A lot of big trucks rolled into Ottawa this weekend and suddenly it became very dangerous to stand in the middle of the road.
Go figure. Sometimes everything you need to know about a political event is what you learned as a child: don’t threaten others or urinate in public; Nazis and white supremacists are generally to be avoided and yes, the middle of the road is not where you want to be when large vehicles are headed in your direction.
Of course, nothing about the so-called “freedom convoy” that paralyzed downtown Ottawa this weekend was child’s play — even if much of the proceedings had the feel of a long-simmering, collective temper tantrum from a fed-up, COVID nation.
As things stood late on Sunday afternoon, organizers were asserting that they had the resources to carry on the Parliament blockade for two years or longer, while Ottawa police were quietly signalling that the time was approaching for protesters to clear out — or be cleared out.
Finding the middle ground between those two views didn’t look particularly easy. But that’s the story of this protest that has landed on the literal doorstep of Parliament just as it is set to get back into business on Monday. Despite some participants’ assurances to the contrary, this is not the face of the moderate, Canadian middle.
Here is where Conservative leader Erin O’Toole and several of his MPs strayed into political trouble this weekend: they actually believed there was a way to simultaneously court the protesters and disavow the extremism on display.
MP Michael Cooper had to issue a statement distancing himself from a swastika that appeared in the background of a TV interview he did. Toronto MP Melissa Lantsman offered to give her full support to legislation making it illegal to desecrate public monuments — only to learn there is already such a law.
Pierre Poilievre, the Conservatives’ attack-dog finance critic, was a little more out there in his enthusiasm for the protest, as was Leslyn Lewis, the former Conservative leadership contender who is now a rookie MP for Haldimand—Norfolk.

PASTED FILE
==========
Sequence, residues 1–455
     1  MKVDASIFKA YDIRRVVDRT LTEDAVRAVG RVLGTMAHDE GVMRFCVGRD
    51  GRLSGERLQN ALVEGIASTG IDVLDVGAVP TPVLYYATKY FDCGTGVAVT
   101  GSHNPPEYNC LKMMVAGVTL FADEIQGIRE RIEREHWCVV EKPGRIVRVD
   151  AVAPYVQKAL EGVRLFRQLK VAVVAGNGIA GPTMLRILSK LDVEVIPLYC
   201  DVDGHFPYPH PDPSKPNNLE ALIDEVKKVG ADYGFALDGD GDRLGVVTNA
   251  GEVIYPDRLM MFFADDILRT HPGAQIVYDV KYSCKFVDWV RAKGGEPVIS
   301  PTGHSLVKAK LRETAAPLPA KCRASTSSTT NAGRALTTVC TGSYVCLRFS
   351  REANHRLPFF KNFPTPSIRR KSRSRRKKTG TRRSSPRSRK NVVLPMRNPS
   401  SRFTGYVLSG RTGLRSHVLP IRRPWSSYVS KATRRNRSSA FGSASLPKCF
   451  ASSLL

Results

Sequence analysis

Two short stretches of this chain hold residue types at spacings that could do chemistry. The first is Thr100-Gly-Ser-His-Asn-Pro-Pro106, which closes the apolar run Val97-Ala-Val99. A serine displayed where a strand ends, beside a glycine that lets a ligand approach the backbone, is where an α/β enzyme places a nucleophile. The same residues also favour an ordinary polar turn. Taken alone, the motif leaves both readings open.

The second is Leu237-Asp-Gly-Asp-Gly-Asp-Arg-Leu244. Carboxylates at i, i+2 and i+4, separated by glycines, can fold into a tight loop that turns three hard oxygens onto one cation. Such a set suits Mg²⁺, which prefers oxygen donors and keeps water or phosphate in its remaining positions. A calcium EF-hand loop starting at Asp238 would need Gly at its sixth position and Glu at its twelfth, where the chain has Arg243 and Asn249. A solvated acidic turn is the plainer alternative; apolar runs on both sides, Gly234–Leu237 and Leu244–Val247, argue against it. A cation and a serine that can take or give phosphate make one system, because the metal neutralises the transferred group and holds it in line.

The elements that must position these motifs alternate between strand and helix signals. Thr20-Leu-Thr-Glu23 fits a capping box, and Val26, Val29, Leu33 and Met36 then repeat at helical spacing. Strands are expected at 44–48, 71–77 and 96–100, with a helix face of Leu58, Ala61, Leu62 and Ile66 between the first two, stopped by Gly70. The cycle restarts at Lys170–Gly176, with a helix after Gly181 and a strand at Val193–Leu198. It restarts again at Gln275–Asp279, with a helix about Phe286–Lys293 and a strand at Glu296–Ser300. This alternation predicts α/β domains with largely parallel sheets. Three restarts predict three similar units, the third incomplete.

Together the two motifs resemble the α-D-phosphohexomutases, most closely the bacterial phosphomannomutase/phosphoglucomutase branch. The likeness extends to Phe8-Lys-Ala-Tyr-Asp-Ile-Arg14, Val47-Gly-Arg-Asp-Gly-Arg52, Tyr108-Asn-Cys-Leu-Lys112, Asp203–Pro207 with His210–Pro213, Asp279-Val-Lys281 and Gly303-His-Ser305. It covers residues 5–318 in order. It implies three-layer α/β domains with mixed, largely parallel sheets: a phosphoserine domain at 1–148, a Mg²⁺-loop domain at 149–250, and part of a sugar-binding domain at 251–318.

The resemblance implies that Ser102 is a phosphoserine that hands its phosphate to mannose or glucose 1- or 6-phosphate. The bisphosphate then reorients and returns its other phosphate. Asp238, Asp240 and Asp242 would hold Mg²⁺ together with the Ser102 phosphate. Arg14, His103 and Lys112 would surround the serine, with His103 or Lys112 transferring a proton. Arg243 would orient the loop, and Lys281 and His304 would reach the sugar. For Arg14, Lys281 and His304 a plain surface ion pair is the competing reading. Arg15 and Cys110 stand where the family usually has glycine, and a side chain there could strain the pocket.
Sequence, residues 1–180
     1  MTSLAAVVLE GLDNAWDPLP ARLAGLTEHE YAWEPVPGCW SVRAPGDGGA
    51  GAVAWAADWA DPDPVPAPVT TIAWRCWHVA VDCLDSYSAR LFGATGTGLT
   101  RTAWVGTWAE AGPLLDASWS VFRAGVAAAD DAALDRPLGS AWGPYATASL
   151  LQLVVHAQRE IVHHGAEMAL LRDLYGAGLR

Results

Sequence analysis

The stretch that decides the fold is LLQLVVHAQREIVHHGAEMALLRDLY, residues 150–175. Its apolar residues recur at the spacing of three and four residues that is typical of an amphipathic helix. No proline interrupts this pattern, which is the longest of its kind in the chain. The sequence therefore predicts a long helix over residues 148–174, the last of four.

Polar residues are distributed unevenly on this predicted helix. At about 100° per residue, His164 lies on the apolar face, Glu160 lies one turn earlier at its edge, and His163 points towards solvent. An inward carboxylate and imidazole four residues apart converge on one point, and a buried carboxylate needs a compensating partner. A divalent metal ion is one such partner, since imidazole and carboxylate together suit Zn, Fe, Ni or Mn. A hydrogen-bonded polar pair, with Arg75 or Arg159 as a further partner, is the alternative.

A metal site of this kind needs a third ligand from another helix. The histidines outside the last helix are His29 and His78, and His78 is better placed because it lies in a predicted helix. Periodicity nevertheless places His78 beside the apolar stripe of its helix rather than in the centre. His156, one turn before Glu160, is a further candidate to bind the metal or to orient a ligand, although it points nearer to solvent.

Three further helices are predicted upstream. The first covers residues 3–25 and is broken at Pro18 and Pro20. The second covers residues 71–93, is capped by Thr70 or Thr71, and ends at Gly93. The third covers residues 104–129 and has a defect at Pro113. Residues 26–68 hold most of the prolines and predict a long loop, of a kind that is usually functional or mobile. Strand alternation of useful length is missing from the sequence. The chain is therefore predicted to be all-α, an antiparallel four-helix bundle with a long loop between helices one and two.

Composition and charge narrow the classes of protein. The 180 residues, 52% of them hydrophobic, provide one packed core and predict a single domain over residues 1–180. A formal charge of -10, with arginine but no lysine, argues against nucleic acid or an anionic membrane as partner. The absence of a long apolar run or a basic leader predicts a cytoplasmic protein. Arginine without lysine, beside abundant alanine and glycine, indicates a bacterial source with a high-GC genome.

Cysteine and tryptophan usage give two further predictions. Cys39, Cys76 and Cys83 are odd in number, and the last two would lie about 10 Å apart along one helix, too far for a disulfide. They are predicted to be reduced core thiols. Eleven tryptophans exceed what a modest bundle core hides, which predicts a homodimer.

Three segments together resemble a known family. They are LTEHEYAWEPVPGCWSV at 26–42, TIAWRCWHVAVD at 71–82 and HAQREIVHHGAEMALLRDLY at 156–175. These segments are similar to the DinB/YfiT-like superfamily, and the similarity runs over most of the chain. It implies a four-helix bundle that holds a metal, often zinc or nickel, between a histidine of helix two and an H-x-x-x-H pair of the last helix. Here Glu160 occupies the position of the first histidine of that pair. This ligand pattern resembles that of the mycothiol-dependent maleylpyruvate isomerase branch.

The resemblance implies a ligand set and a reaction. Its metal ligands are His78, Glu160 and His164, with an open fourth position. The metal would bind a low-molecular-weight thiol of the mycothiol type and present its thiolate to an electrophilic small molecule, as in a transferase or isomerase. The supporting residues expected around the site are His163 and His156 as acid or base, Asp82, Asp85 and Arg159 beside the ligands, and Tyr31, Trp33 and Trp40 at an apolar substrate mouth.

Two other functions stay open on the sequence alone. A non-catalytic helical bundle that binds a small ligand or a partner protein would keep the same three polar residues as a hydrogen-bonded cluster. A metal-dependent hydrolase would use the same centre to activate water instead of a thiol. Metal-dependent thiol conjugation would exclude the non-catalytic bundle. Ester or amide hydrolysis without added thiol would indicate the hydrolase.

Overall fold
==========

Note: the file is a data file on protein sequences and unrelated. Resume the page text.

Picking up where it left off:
The thanks they received could definitely be called mixed blessing: a call on Sunday afternoon from the protest organizers for O’Toole to step down and be replaced by either Poilievre or Lewis. First of all, is that what they were looking for? A Conservative leadership coup as a sequel? More to the point, if either of these MPs do have future leadership designs, being the darling of this particular “freedom convoy” doesn’t seem like an ideal way to attract middle-of-the-road Conservatives.
You could say it’s a little bit like getting an endorsement from Donald Trump or being linked to the Jan. 6 insurrectionists in the U.S. capital — which, by the way, also happened this weekend.
“We want those great Canadian truckers to know that we are with them all the way,” Trump said in Texas, in a Saturday speech that also dangled the prospect of pardons for the Jan. 6 mob.
Let’s be clear — this protest has tapped into real despair and frustration being felt by many Canadians as this dreadful pandemic nears the two-year mark. That’s not a “fringe” feeling — a word that some protesters wore as a badge of honour this week after Justin Trudeau labelled them as such.
But the event won’t be remembered for what it fixed. It will be remembered for the fear it spread around downtown Ottawa, forcing the closing of businesses that are tantalizingly close to the lifting of some restrictions this very week.
It will be remembered for the way some of the mob descended on a homeless shelter, the Shepherds of Good Hope, taking food from those who need it more in this dark January. It will be remembered for urine stains in the snow on the national War Memorial and the vandalization of Terry Fox’s statue.
Even the target was off. Much of the freedom that these protesters crave has been denied to them by various provincial government rules or, in the case of the truckers, a vaccine mandate also in force at the U.S. border. Holding a mass temper tantrum in Ottawa, disguised as a street party, won’t change the fact that the nation is still in the grips of a pandemic.
Somehow, in some form, the business of politics will resume again on Monday in Ottawa. Its challenge is to do what the truckers’ protest was never going to accomplish — to find the safe, reasonable, middle of the road out of COVID.
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